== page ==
As the annual spring awards and honors season blooms in the days leading up to commencement, several members of the College of Education family – including students, faculty and staff – are stepping into its bright spotlight.
Their well-deserved applause is coming from various corners of the university and externally.
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Tom Smith, professor in the Department of Educational Technology, Research and Assessment, is one of NIU’s two Presidential Teaching Professors for 2017.
Established in 1991, the Presidential Teaching Professorship designation recognize outstanding faculty who have demonstrated that:
- They instill and develop in students an intensity of interest in and an appreciation for the value of the subject.
- They apply rigorous standards to student performance, inspire students to become the best and stimulate student growth.
- They command respect and esteem as a teacher.
- They demonstrate extraordinary commitment to students and their welfare.
- They explore and develop effective instructional methods and technologies.
- They work actively with students, faculty, and administrators to improve undergraduate and/or graduate education at NIU.
Presidential Teaching Professors receive budgetary support and release time for the enhancement of his or her teaching skills. After four years, each is designated a Distinguished Teaching Professor.
Watch the Huskie Spotlight during the coming year for a closer look at Smith.
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Steve Builta, director of Technology Innovation and Learning Services in College of Education Technology Services, is the recipient of the Supportive Professional Staff Council Outstanding Service Award for 2017.
Builta, who joined NIU in 1992, is a former president of the SPS Council.
The council provides a means of communication among SPS on campus. It also is a vehicle for articulating the interests and concerns of SPS employees to other constituents of the university community.
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David Carroll, doctoral student in Curriculum Leadership: His dissertation, titled “The Reciprocal Effects of Band Instruction and Text Reading Strategies among Beginning Band Students,” is one of only a few studies in the country to use a causal experimental design involving band students.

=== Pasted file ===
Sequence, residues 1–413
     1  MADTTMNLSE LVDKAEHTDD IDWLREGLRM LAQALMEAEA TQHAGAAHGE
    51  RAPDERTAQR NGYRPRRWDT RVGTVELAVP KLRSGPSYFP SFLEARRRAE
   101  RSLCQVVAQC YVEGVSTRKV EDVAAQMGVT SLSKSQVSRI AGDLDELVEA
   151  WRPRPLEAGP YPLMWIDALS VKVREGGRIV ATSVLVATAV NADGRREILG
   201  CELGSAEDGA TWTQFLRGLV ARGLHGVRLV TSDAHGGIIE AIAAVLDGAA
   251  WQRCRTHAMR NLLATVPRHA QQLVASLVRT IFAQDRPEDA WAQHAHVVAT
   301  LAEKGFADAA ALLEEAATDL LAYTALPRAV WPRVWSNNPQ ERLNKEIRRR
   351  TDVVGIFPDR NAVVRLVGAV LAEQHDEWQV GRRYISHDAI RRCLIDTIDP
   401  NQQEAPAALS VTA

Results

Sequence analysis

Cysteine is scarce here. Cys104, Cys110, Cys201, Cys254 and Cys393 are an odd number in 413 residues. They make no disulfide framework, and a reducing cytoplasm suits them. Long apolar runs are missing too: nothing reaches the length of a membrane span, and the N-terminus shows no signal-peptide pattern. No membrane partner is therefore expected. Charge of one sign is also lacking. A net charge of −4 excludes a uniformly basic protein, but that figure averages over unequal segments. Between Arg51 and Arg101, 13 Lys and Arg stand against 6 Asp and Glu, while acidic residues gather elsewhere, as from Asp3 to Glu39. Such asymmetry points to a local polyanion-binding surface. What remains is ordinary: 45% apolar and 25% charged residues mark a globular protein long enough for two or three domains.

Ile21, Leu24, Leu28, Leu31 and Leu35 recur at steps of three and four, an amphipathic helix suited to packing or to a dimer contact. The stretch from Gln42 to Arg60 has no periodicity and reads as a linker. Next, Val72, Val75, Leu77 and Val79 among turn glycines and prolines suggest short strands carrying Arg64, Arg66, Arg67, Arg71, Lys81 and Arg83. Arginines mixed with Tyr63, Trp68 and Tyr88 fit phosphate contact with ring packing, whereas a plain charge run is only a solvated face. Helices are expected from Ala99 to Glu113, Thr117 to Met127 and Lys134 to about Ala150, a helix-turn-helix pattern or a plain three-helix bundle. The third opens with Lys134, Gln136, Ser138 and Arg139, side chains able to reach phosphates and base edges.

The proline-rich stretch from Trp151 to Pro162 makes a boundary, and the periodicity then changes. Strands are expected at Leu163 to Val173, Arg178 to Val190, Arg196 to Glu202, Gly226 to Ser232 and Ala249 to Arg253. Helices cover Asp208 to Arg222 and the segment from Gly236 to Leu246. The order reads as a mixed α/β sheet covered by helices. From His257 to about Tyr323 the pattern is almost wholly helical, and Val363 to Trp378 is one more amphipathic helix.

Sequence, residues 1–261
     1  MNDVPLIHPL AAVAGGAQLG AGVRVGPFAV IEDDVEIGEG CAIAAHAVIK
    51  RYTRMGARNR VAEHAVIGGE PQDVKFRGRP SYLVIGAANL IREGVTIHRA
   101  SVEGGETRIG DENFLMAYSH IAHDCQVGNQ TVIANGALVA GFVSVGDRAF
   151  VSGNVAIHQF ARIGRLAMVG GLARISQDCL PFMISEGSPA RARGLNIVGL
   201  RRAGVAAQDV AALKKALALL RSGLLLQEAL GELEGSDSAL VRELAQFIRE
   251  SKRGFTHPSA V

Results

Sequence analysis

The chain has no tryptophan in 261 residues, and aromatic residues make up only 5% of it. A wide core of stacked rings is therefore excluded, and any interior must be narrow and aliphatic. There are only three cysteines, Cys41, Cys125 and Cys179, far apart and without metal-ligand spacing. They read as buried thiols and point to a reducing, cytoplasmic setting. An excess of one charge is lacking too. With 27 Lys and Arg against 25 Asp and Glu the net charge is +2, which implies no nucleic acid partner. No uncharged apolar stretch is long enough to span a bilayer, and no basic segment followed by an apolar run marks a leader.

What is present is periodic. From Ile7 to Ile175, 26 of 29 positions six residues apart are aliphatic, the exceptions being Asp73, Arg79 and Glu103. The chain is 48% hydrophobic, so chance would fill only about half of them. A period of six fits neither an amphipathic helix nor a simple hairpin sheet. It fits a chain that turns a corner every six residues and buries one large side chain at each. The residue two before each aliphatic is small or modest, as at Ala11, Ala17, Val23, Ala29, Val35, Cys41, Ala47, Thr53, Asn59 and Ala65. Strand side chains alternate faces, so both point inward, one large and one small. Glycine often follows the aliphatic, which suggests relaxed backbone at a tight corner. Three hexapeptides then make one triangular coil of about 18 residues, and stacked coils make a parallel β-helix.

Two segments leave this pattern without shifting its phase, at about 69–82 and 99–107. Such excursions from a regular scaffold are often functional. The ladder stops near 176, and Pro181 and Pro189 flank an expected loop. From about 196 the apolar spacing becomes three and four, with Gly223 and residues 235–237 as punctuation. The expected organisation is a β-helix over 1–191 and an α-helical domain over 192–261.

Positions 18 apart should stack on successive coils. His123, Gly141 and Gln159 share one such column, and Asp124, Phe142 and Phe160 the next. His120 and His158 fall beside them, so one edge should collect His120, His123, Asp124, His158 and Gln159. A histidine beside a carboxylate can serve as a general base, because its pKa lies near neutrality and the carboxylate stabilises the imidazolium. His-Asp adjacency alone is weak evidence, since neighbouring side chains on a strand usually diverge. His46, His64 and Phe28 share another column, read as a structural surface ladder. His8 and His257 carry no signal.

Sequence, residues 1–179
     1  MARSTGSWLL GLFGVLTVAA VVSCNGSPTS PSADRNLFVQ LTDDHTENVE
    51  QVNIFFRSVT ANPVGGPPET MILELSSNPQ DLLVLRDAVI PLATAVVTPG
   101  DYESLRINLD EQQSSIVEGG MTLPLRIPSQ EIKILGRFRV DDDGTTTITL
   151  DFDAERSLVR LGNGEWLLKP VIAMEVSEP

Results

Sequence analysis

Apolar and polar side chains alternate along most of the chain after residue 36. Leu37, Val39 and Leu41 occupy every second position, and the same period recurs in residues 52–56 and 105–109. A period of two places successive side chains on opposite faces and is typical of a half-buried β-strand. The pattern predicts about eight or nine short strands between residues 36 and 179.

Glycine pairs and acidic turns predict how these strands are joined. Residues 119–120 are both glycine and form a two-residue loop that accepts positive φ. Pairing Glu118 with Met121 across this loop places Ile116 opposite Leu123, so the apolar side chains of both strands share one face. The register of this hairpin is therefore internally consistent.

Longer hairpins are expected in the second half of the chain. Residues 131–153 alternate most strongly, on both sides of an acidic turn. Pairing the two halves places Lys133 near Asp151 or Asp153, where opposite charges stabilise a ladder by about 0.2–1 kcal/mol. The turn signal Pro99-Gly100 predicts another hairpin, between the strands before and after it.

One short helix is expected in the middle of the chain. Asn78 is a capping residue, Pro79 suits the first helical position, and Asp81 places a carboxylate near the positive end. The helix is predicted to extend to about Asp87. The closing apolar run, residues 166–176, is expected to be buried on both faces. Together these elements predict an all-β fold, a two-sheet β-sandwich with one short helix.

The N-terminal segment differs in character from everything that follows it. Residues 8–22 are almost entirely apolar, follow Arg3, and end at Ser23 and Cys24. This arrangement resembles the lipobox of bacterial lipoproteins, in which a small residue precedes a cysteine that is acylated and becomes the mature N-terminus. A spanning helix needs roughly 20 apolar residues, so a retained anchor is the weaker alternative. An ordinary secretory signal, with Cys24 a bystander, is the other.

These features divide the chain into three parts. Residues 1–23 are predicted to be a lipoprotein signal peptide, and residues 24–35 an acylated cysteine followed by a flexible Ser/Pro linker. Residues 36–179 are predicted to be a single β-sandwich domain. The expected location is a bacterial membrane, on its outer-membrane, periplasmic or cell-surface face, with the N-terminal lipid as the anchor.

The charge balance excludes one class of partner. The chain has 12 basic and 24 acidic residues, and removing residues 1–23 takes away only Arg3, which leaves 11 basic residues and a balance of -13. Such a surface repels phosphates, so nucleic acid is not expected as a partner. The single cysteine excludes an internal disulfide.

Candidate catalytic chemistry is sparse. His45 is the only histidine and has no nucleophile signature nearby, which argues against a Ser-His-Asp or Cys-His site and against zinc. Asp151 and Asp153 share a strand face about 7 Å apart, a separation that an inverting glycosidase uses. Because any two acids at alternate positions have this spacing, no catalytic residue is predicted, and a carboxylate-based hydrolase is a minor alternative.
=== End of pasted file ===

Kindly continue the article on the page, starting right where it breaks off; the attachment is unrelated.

Carroll’s doctoral committee is comprised of Elizabeth Wilkins, chair; David Walker, committee member; and Mary Lynn Doherty, committee member (School of Music).
Kristy Herrell, doctoral student in Educational Psychology: Her dissertation, titled “Exploring the Role of Urban Early Career Teachers’ Perceptions of School Context on Their Feelings of Teacher Efficacy,” is providing a teacher’s eye view of what is effective in mentoring and induction practices for new teachers.
Herrell’s doctoral committee is comprised of Lee Shumow and Daryl Dugas, co-chairs; Hide Shimizu; committee member; Elizabeth Wilkins, committee member; and Elisa Shernoff, non-NIU faculty committee member.
Michael Schnaper, doctoral candidate in Adult and Higher Education: His dissertation, titled “A Program Evaluation for the Probationary Firefighter Training Practices of the Rockford Fire Department,” is one of only a few studies in the country that addresses firefighters training from experiential learning using a qualitative evaluation design.
Schnaper’s doctoral committee is comprised of Jorge Jeria, chair; Laura Ruth Johnson, committee member; and Scott Peska, committee member.
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Two graduate students in the NIU Department of Leadership, Educational Psychology and Foundations are winners of the 2016-17 James V. and Dorothy B. Moon Scholarships.
Marion Friebus-Flaman, director of Language Acquisition in Naperville CUSD 203, and Julie H. Lam, assistant director of Secondary Education in Oswego CUSD 308, were among the six Illinois educators chosen by the School Administrators Foundation for Education Board of Trustees.
Established by James V. Moon, a distinguished educator and superintendent in Illinois, the Moon Scholarship provides grants to assist individuals in the pursuit of graduate study that leads to improved competency in superintendency.
Applications are judged on good scholarship, potential for contribution to the quality of K-12 education in Illinois, evidence of strong communication skills, letters of support and more.
Recipients are required to contribute to the further development of the superintendency in Illinois for two years following completion of their degree program in which they accepted payment of tuition, fees and/or textbook expenses on their behalf.